Those are just highlights. Frankly, I think the whole two days was very very good. We learned a lot of good things. It’s time we started getting an action plan.

Author: Paul Dechene

Paul Dechene is 5'10'' tall and he was born in a place. He's not there now. He's sitting in front of his computer writing his bio for this blog. He has a song stuck in his head. It's "Girl From Ipanema", thanks for asking. You can follow Paul on Twitter at @pauldechene and get live updates during city council meetings and other city events at @PDcityhall.

7 thoughts on “This Week At City Hall: The Mayor’s Big Housing Announcement”

  1. So how much did the City spend on the summit and we got: a new comittee, promise of a second summit and 11 lots to non-profits to develop housing?

    O_o

    Given I have no idea how big those lots are even if you assume an average of 4 units per lot, that will add 44 units….in a city of about 207,000 people. Even if you double my estimate of units…that’s nothing. Does “a drop in a bucket” mean anything to these people?!?!

    It’s nice to know we have such strong leadership with fresh ideas on priorities (irony font). Mmm, how many building could we put up for housing instead of that new statium I wonder?

  2. I just don’t see what’s behind all the Fougerian vagueries. Who are the “non-profits” with dibs on this land? Can a slumlord or big-time developer in Calgary incorporate part of their empire as “non-profit”, get the land and build a single-family dwelling and sell it for $500K? Is this intended to be social housing?

    I’ll admit, I’m cynical and tired and just assume 99% of these outcomes will go to favour established big-time developers, providing as little affordable housing as possible, or maybe just a parking lot, but are these intentions totally different? It’s just same-old politician talk so far.

  3. It seems strange to me that Fougere wants to do pocket housing downtown. The whole innovation of pocket housing is that it allows higher-density infill housing in neighbourhoods with reasonably large single-family homes (like, say, the Cresents), while maintaining the character of the neighbourhoods. By providing affordable housing in typically high-priced, low-density neighbourhoods, pocket housing develops mixed-income areas (with many documented advantages over our current pseudo-ghettoisation policy) and increases density (valuable for infrastructure reasons) without triggering fears of reverse-gentrification (which exacerbates NIMBYism).

    Instead of using pocket housing where appropriate, Fougere would rather throw this innovation downtown, where heritage building conversions (north of Vic) and walk-ups (south of Vic) are far more appropriate. Whatta loon!

  4. Talbot – I’m not a fan of the Mayor, Council or the administration for that matter, but I can’t see them attempting this. What I can see happening is them giving every single lot to Habitat for a single family house and not even looking at more innovative approaches. Habitiat here does fill a need, but not as well as it could. Other branches in other cities are doing far more innovative things. There are non profits here, like Ehrlo, Silver Sage, Gabriel, Namarind just to name a few who are willing to try something new and provide more than one housing unit per lot. They should be trying to get the most bang for their buck, but in the past this hasn’t been what has happened.

    Brad – I hope he’s talking about inner city neighbourhoods not downtown itself, because yes, these things fit in better as infill in older neighbourhoods, they would be a waste of land in the downtown where apartment buildings can be built. I think this is what he meant though as the two that have been built thus far are in Heritage not downtown. They should put a few up in Cathedral,Crescents, Transition, Lakeview, etc. though, spread them out a bit. People in Regina seem to be infected with a rabid sort of NIMBYism that attacks anything that is at all different from their living situation. I’ve even seen people freaking out over narrow lot single family and expensive townhomes in their neighburhoods because “those people” would be moving in. You may be able to get these into Cathedral, as the residents moved into a mixed density neighbourhood and expect it (and in many cases love it), but a lot of other neighbourhoods in Regina would flip.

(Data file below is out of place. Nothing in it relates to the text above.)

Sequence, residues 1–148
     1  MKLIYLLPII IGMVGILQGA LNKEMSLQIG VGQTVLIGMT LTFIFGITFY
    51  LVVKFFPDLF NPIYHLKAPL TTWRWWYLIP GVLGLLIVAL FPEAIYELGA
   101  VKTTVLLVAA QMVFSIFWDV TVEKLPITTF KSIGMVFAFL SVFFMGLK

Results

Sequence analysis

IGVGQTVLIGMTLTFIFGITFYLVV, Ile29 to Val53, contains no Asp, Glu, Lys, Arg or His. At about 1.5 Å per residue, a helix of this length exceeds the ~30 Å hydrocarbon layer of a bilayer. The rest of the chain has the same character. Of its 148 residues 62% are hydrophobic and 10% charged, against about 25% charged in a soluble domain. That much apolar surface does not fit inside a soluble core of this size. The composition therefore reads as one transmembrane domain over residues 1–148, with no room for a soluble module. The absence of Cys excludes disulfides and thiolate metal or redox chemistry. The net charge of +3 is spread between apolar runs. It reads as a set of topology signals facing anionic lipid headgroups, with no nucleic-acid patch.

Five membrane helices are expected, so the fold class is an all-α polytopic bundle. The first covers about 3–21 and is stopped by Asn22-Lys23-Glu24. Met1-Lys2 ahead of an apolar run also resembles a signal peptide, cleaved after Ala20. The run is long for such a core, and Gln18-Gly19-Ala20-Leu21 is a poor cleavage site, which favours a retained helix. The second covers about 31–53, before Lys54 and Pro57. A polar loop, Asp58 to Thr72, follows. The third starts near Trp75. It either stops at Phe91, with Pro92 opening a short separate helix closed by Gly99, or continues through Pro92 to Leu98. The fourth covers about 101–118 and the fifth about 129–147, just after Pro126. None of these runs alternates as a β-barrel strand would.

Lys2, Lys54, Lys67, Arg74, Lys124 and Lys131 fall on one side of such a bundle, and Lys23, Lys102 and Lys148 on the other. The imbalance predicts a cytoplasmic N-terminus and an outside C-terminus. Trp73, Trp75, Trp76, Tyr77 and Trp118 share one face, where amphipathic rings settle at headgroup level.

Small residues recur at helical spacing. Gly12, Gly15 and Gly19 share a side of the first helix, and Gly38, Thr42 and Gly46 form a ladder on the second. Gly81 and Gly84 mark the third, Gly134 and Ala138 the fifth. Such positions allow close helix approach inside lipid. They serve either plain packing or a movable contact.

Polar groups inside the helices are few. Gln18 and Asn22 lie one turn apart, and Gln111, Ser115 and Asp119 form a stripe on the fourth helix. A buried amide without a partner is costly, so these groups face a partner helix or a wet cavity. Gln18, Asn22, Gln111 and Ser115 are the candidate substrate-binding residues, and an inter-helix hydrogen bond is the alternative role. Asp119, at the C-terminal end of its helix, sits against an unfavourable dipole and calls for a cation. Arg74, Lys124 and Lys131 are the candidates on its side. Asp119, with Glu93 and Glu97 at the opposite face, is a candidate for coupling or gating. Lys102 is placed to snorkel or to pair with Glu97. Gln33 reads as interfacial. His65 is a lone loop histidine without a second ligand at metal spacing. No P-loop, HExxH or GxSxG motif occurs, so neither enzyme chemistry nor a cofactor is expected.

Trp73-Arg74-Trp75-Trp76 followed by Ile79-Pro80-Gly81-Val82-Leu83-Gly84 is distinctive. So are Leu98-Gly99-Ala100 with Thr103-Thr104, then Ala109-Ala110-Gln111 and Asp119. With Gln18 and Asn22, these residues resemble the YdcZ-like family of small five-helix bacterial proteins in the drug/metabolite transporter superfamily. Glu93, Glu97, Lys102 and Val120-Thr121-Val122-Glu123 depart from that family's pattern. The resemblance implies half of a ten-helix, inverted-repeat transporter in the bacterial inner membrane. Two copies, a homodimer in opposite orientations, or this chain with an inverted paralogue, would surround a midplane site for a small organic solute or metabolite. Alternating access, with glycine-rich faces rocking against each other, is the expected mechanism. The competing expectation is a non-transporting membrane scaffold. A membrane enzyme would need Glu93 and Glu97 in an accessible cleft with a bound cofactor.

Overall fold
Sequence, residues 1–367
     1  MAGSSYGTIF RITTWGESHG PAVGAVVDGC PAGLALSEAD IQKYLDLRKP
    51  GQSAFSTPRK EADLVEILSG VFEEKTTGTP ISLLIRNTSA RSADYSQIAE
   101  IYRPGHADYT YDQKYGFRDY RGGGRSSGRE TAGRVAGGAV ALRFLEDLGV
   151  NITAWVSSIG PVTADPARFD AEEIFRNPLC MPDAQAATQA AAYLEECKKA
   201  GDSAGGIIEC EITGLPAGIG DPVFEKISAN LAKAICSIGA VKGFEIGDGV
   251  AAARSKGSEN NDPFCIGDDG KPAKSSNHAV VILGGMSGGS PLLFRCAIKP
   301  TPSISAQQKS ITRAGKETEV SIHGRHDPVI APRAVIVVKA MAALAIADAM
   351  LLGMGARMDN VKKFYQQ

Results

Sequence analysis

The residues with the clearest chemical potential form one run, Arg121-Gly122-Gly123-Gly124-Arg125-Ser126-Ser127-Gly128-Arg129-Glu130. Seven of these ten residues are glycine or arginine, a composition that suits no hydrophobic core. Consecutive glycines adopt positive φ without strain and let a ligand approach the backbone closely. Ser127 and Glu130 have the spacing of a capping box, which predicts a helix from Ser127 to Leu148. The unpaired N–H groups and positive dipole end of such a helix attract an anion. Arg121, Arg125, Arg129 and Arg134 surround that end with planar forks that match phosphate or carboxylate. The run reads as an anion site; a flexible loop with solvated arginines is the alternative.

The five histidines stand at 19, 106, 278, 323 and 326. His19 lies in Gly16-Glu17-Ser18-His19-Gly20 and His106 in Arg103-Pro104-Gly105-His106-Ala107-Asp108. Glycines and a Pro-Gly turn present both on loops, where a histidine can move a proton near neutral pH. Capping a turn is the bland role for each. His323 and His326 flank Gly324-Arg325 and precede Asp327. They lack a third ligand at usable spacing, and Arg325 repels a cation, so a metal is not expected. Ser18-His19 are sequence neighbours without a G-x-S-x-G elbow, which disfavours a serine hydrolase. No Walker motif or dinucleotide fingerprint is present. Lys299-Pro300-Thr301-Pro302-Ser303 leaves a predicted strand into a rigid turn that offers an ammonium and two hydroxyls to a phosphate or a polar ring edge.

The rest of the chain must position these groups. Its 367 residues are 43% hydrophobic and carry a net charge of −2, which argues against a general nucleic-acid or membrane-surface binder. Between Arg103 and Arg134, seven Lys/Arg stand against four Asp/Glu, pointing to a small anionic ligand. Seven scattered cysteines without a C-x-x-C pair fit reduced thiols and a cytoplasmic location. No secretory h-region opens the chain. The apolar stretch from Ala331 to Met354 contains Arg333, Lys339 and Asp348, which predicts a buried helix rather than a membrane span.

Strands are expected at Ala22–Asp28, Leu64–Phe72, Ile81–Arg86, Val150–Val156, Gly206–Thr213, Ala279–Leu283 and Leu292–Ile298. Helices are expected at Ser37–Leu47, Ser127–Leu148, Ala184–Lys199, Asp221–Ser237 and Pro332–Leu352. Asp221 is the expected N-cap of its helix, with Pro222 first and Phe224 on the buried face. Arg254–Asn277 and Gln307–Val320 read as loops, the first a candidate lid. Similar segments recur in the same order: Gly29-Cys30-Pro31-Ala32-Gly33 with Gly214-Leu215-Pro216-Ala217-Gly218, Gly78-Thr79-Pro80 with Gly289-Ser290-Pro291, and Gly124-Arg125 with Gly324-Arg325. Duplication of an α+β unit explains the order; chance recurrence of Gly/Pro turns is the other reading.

5. I too was skeptical of the mayor’s summit, and the council’s will to make substantial changes to how we approach housing in the city. But after attending the summit, I have changed my mind about both council and the mayor.

    The summit itself was highly informative, with a wide range of presentations and speakers. There were practical presentations on pocket housing from Winnipeg, container housing from Vancouver, and an inspiring message from the Canadian Alliance to End Homelessness. Not to mention inspiring stories from right here in Regina, by both Namerind and Eden Care Communities. Both of these local stories showcased innovation, commitment and compassion, values I hold up as a Canadian and a Regina resident.

    Most of the summit was focused on affordable housing, not the interests of large real estate developers. All of the council members were at the summit except one, and both the mayor and council evidence a strong will to make changes to the current housing crisis in Regina. The mayor re-stated his commitment to increase the residential vacancy rate in Regina to 3.0% by 2017.

    A healthy amount of skepticism is a good thing. But as residents we need to become informed and base our opinions on educated perspectives, not uninformed biases. I was not only very pleased with the summit, and the outcomes announced by the mayor. But as other leaders in the housing sector from other parts of Canada stated, the high quality of presentations and the leadership shown by our elected officials makes me proud of our mayor and council for their leadership on this file. Keep up the good work!

  6. We should re-purpose all of the run down buildings in the city to be made into affordable housing. Let’s start along 11th Avenue and expand from there. This is true revitalization.